Although the term “voir dire” is generally associated with the examination of prospective jurors, it’s also used to describe questioning of opposing experts to determine whether they should be allowed to testify. Voir dire of the expert takes place after opposing counsel attempts to qualify the expert (see Evid C §§720(b), 721), either in or out of the jury’s presence (see Evid C §402).
Voir dire of experts can be used to
- Show that the expert is unqualified to testify. Experts are infrequently found to be unqualified to give testimony, but they may be found qualified to testify in one field, e.g., accident reconstruction, but unqualified to testify in another field, e.g., suitability of an automobile design.
- Block opinions based on improper matter. Expert testimony is inadmissible if the expert’s assumptions aren’t supported by the factual evidence in the case, or if they’re otherwise based on insufficient or inadmissible matter.
But even if one of these purposes arise, use voir dire of experts very selectively because it can hurt your case by (1) irritating the judge and jury by taking up time, and (2) giving the witness and opposing counsel a preview of things to come on cross-examination.
If you decide to conduct voir dire of an expert, you’ll need to decide whether it should be in or out of jury’s presence (either is allowed under Evid C §402). It’s generally better to do voir dire of an expert outside of the jury’s presence, because the purpose of the voir dire is to keep the jury from hearing certain evidence. If you question the expert in the jury’s presence, it will be obvious to them that you’re trying to keep the opinion out, and the subject matter may be unduly emphasized. And if the judge ultimately admits the testimony, the jury may interpret that ruling as an implied endorsement of the expert and his or her opinion.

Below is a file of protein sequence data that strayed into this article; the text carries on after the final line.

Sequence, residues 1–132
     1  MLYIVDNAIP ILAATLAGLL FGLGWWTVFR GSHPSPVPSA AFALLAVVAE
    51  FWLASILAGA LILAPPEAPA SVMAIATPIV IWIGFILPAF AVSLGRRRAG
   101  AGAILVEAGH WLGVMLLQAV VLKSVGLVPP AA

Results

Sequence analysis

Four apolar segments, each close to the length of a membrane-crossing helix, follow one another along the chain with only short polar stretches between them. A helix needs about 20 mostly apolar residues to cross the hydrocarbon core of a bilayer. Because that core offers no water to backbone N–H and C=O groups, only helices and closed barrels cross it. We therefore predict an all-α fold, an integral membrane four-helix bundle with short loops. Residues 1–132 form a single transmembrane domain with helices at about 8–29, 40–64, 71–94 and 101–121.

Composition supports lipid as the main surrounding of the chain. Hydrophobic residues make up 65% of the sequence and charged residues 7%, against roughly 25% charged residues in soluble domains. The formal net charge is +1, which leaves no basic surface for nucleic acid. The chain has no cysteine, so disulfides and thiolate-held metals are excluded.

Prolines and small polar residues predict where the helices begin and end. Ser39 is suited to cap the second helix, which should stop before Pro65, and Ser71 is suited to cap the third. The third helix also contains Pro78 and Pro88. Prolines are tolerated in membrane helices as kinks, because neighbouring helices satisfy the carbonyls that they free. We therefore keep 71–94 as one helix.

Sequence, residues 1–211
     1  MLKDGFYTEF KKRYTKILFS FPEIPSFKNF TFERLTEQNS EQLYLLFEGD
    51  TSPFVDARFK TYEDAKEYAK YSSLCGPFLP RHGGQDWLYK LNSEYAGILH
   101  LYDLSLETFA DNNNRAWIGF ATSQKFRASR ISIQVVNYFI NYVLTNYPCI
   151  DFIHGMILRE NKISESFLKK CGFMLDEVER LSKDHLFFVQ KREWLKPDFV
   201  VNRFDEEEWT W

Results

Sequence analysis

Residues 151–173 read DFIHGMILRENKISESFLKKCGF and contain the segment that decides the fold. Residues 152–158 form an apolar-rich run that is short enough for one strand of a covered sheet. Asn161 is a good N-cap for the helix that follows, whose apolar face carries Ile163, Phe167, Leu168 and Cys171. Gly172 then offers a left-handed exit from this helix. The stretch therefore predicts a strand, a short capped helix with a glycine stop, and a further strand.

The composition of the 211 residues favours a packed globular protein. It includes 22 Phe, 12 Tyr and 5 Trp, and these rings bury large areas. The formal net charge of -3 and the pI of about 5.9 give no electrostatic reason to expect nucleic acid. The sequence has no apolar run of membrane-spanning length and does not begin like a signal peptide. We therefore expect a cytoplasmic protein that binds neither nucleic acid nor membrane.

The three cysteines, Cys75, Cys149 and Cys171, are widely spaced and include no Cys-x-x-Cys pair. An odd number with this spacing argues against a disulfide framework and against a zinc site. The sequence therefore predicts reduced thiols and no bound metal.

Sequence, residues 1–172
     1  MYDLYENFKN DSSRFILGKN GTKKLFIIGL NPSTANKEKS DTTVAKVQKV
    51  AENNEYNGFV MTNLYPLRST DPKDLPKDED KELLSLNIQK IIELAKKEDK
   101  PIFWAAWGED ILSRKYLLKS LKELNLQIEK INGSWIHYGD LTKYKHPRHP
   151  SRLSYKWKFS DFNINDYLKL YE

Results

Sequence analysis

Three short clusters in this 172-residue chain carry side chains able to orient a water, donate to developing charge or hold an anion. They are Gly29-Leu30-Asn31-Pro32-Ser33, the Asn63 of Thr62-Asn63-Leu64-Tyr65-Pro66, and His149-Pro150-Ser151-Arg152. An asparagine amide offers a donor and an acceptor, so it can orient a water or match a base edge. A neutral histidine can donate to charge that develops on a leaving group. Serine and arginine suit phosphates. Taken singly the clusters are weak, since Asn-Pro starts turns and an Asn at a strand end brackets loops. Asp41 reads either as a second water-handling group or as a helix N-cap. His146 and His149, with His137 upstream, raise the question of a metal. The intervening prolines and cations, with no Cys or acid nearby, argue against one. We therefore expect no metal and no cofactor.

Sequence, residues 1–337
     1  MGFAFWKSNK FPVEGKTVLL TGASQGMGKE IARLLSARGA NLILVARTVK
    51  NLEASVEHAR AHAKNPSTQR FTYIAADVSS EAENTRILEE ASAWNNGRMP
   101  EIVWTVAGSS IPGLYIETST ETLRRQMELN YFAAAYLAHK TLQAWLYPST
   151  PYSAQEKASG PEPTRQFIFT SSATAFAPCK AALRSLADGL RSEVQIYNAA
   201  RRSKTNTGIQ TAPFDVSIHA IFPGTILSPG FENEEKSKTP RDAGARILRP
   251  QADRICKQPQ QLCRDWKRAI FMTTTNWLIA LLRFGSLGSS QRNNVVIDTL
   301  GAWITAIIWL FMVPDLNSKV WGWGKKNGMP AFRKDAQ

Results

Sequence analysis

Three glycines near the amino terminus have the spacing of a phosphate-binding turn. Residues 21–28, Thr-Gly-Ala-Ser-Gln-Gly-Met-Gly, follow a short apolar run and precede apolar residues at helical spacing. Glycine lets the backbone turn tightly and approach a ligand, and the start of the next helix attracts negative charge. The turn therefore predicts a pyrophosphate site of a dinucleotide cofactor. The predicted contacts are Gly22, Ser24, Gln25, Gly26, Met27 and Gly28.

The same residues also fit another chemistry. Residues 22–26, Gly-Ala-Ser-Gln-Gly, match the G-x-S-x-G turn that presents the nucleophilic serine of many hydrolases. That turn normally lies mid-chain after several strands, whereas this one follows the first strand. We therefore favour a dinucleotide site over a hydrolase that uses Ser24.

But in some cases you may want to use voir dire to discredit the expert before the jurors, even though you know the judge will allow the expert to testify. For example, you may choose to attack an expert by questioning him or her about classes failed in college, or misleading and incorrect entries on a resume.
For more on voir dire examination of an expert check out CEB’s California Expert Witness Guide §§14.4-14.7. And get step-by-step guidance on handling an opponent’s expert at trial in CEB’s Handling Expert Witnesses in California Courts (Action Guide).
Other CEBblog™ posts you may find useful:
- 5 Areas for Questioning an Expert at Deposition
- The Best Way to Attack an Opposing Expert
- 4 Ways to Attack Expert Testimony
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